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FC Barcelona

Home to the likes of the mercurial Lionel Messi, Andres Iniesta and Xavi Hernandez, FC Barcelona, one of the world's most successful and popular football clubs is run on a co-operative basis. A private non-profit making sports association, FC Barcelona is owned and run by its 175,000 members who each pay an annual membership fee of approximately £150 bringing in around £25 million. Members have full voting rights similar to that of a Co-operative Community Benefit Society in the UK.

Read more of the FC Barcelona story ...

Home to the likes of the mercurial Lionel Messi, Andres Iniesta and Xavi Hernandez, FC Barcelona, one of the world's most successful and popular football clubs is run on a co-operative basis. A private non-profit making sports association, FC Barcelona is owned and run by its 175,000 members who each pay an annual membership fee of approximately £150 bringing in around £25 million. Members have full voting rights similar to that of a Co-operative Community Benefit Society in the UK.

As a body, members dictate the future of their club. Fan ownership has led to FC Barcelona being placed at the very heart of the fiercely independent Catalonian region which has a population of over 7.5 million.

The club is fully democratic, electing a President every six years. A delegate assembly is picked at random from the membership and is responsible for approving the accounts and authorising all financial decisions which will cause the club to incur debt. FC Barcelona is a fully fledged multi-sports club with the football side supporting the many other sports teams which fall under the same co-operative umbrella.

Its Social Mission

Its mission is to promote an emblematic social model through the development of solidarity, cultural and educational activities (both its own and as part of collaborations) to enable the consolidation of Barça's social commitment to being "More than a club" in Catalonia, Spain and the world, positioning itself in a unique dimension on a global scale.

Its general objectives include promoting actions concerning the fight against extreme poverty and illnesses that affect mainly the most vulnerable children in the world, favouring education for all and gender equality, as stipulated by the Millennium Development Goals (MDG). Other objectives include promoting and offering tools to foster the values of sport among children, such as effort, respect, companionship and tolerance, both on a school level as on that of sports and leisure centres; favouring and encouraging actions aimed at the social normalisation of people with disabilities, immigrants and other groups at risk of social exclusion; contributing to the development of culture, the defence of civilian values, freedom and democracy, which have always defined the club and the history of Spain; promoting youth sport and the academic training of the sports people forming part of the Barça institution as well as giving support and assistance to veteran players that have formed and still form part of the club's history.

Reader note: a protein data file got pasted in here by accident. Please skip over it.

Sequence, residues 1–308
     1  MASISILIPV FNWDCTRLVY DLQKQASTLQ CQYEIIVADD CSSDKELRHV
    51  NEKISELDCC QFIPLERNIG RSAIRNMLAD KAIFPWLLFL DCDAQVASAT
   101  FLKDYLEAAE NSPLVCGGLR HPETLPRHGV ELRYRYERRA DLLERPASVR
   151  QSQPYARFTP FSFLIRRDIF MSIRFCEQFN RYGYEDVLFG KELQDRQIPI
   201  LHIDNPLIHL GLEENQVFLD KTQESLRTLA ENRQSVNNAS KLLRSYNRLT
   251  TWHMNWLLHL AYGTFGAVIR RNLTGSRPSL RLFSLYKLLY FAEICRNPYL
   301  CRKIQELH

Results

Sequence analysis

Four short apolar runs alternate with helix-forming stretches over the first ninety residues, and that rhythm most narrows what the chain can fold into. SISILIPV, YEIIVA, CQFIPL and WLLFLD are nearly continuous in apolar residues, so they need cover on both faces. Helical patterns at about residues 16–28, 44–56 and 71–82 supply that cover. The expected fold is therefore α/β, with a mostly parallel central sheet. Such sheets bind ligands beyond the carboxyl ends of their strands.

Managing Finances

Youth development and fan welfare are put above short term success and financial gain by a co-operative model. This is best represented by the average cost of an adult season ticket at Barcelona costing just £75 and the club paying a charity, UNICEF, €1.5 million annually to sponsor their own shirts. By comparison, in the English Premier League, Manchester United receive £20 million a year in shirt sponsorship whilst Arsenal charge upwards of nearly £900 for a season ticket.

Barcelona supplemented their income by a staggering €110 million in commercial revenue alone in 2008/09 which provides greater funding for youth development programmes and subsidised ticket prices. FC Barcelona's adhesion to the United Nations Millennium Development Goals and the donation of 0.7% of the club’s ordinary income to the Fundació FC Barcelona to support its programmes and projects led to the strengthening of their alliances with Unicef, UNESCO and UNHCR/ACNUR, and was culminated with Futbol Club Barcelona being awarded a position as a member of the ECOSOC (Economic and Social Council of the United Nations).

Dave Boyle, Chief Executive of Supporters Direct and the author of the report, commented;

"FC Barcelona is a powerful example of how a club can be organised co-operatively and still successfully compete with rivals across the world. The club has long been known for being owned by its fans but, until now, we couldn't see how things worked 'under the hood'. Fans looking at what rights and powers they have in the club can only look on with envy. Of course, co-operative football clubs are like all clubs – they are not immune from financial troubles during times of economic austerity. But it’s the ownership structure that really sets them apart."

"There are a growing number of supporters’ trusts in the UK looking to give fans a greater say and stake in their clubs; our aim is to show how the co-operative model can run effectively and to the benefit of all involved."

(Information extracted from FC Barcelona and Co-operatives UK websites. For more information, visit

</p>lank">www.fcbarcelona.com/ and www.uk.coop/barca)

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